sigmaf_std[i] ~ std_normal();
phi[i] ~ normal(0.95,0.1);
sigma[i] ~ weibull(1,1);
mu_sf[i] ~ normal(0,0.1);
}
F[1] ~ normal(init_F, 0.1);
//END PRIORS//

//DATA//
for (t in 1:T-1)
{
for (i in 1:dF)
{
delta_F[t,i] ~ normal(0, exp(sigmaf[i][t]/2));
}
}
matrix[dY, dF] PhiV;
for (i in 1:dY) {
real t = taus[i];
PhiV[i,1] = 1;
PhiV[i,2] = (1-exp(-t*lambda))/(t*lambda);
PhiV[i,3] = (1-exp(-t*lambda))/(t*lambda) - exp(-t*lambda);
}

for (t in 1:T)
{
yields[t] ~ normal(PhiV*F[t]', sigmay);
}
//END DATA//
}


I am calling this model via cmdstanpy 1.2.0, cmdstan 2.33.1, on Debian 12 with the following prior specification

    stan_data = {}
stan_data["sigmay_alpha"] = 101
stan_data["sigmay_beta"] = 510
stan_data["sigmay_scale"] = 10**(-2)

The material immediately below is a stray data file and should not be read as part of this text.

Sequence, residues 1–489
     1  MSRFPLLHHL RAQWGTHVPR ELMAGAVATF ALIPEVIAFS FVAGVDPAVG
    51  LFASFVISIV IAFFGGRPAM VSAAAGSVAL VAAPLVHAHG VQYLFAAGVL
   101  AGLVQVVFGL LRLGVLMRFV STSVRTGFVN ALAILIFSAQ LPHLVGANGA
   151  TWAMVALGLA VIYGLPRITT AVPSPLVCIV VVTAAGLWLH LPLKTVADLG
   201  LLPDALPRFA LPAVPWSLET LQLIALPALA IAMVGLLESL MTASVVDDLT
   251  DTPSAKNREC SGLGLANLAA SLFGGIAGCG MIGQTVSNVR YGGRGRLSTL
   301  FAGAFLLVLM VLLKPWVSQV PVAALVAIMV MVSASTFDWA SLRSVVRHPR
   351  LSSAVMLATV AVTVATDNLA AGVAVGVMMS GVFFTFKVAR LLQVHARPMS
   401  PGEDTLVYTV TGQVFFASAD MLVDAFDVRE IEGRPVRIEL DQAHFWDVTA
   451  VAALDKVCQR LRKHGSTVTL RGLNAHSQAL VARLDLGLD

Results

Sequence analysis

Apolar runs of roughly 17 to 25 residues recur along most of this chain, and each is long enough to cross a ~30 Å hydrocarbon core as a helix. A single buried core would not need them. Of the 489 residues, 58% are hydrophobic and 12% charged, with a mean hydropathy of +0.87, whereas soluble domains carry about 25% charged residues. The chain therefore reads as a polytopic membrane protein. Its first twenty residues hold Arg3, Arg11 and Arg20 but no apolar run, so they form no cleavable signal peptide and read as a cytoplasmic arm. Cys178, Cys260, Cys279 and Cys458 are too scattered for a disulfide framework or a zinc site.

stan_data["xiF_mean"] = 0.99
stan_data["xiF_std"] = 0.25
stan_data["muF_mean"] = 0
stan_data["muF_std"] = 1

stan_data["lambda"] = 0.0609
stan_data["taus"] = np.arange(1,16)*12
stan_data["yields"] = period1
stan_data["dY"] = period1.shape[1] #just the number of yields
stan_data["T"] = period1.shape[0] #equivalent to T
stan_data["dF"] = 3

#Determine initial factor vector
first_obs = period1[0,:]
PhiV = np.ones((len(first_obs), stan_data["dF"]))
l = 0.0609
for i in range(stan_data["dY"]):
t = stan_data["taus"][i]
PhiV[i,1] = (1-np.exp(-t*l))/(t*l)
PhiV[i,2] = (1-np.exp(-t*l))/(t*l) - np.exp(-t*l)

xtx = np.linalg.inv(np.matmul(PhiV.T, PhiV))
xty = np.matmul(PhiV.T, first_obs)

stan_data["init_F"] = np.matmul(xtx, xty)